At the time I watched these performances, I had recently decided to apply to graduate school to research the relationship between race and comedy. As a young man, I had heard the racist jokes told by fellow undergrads and was fascinated by the way they forged and broke social relations. Major public spectacles like these only confirmed my suspicion that this humor was part of a wider public problem. I took the Richards’ incident as a godsend. Well, not really. But examining these types of controversies, and comparing them to performances that didn’t draw as much ire, provided a revealing look into the changing nature of race-talk in American comedy.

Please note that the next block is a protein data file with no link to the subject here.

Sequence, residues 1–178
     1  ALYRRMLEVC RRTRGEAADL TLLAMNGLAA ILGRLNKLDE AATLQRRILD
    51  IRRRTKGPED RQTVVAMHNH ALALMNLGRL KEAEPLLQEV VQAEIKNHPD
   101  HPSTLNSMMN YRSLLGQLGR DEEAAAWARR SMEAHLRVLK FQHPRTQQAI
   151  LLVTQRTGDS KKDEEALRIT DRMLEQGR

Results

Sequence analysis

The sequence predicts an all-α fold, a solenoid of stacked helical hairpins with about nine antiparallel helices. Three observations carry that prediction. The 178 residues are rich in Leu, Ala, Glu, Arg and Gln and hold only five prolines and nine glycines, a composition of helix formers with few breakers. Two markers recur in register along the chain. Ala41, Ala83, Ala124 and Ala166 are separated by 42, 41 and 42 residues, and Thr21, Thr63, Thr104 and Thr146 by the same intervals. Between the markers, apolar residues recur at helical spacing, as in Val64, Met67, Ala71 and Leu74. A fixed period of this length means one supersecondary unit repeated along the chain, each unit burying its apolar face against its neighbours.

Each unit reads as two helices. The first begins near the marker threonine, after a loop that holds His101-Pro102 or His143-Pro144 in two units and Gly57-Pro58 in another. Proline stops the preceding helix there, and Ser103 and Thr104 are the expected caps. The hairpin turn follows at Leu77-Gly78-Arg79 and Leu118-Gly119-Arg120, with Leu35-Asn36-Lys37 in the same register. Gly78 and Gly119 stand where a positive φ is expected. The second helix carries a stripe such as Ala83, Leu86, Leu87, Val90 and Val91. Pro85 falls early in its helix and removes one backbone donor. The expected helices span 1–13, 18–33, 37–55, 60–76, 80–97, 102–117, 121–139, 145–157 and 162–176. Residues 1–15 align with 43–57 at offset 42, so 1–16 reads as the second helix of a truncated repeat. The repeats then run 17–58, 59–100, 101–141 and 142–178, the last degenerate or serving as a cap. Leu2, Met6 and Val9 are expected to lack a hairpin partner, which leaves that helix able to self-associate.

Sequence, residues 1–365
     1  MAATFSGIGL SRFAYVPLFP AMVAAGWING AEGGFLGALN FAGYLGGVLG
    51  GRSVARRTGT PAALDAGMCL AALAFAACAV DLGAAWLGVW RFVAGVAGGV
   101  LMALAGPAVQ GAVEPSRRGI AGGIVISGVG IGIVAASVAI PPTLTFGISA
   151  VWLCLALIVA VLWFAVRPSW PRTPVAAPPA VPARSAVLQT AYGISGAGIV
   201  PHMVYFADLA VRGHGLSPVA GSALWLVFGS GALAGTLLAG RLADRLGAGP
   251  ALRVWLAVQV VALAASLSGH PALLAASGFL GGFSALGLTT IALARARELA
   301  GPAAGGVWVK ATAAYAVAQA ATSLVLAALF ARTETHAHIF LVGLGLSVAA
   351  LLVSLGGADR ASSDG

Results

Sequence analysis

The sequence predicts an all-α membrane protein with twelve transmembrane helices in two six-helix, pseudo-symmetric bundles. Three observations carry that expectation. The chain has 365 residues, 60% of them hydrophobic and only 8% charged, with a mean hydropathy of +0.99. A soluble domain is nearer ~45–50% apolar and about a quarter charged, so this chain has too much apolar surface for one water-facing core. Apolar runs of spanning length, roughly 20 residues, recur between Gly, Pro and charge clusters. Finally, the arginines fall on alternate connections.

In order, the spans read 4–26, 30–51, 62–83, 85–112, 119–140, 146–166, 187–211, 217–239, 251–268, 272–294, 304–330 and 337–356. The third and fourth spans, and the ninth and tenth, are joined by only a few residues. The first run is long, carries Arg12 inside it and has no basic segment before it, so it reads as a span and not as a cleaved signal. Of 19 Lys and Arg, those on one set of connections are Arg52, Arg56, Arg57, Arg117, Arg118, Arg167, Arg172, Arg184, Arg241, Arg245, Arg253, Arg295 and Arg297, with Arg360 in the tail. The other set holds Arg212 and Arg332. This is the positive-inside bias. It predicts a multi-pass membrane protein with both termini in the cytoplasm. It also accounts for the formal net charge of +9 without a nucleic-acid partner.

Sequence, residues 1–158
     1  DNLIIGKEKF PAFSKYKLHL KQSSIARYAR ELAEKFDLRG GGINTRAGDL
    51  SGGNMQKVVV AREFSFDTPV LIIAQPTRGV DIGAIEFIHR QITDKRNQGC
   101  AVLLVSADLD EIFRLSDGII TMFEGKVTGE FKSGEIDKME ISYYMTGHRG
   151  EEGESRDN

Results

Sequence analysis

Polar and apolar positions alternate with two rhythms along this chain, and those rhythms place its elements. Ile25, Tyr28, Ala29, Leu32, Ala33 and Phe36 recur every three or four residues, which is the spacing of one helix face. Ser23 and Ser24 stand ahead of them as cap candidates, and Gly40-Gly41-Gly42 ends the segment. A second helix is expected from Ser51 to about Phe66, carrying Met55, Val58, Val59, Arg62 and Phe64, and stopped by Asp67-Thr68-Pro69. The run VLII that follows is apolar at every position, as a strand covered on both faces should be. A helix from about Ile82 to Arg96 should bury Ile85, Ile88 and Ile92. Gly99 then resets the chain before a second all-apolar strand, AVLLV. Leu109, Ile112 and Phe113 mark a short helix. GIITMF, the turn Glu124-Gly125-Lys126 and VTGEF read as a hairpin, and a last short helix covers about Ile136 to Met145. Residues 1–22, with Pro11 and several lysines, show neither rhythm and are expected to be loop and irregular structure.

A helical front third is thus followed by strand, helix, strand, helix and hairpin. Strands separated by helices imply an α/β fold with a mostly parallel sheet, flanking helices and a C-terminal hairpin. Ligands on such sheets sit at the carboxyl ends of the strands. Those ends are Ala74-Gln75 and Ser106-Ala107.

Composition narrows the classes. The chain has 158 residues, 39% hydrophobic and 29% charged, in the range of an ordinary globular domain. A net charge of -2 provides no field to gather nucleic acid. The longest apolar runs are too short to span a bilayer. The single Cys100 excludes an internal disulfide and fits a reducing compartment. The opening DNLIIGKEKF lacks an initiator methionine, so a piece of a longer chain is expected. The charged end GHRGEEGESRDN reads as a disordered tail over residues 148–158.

Overall, there has been a significant shift in the acceptability of racist speech in public, including under the guise of humor, since the civil rights movement. Take, for instance, the roast of Whoopi Goldberg at the Friars Club in 1993 in which Ted Danson appeared in blackface, performed a series of black stereotypes, and made liberal use of the “n-word.” The performance horrified many in attendance, and the private club famous for its no-holds-barred celebrity roasts issued its first-ever public apology in response. It’s worth remembering that only a few decades earlier, blackface was one of the most popular forms of comedy in the country. The shift from “funny” to “racist” didn’t occur on its own. It took years of opposition and protest from the targets of such racial ridicule.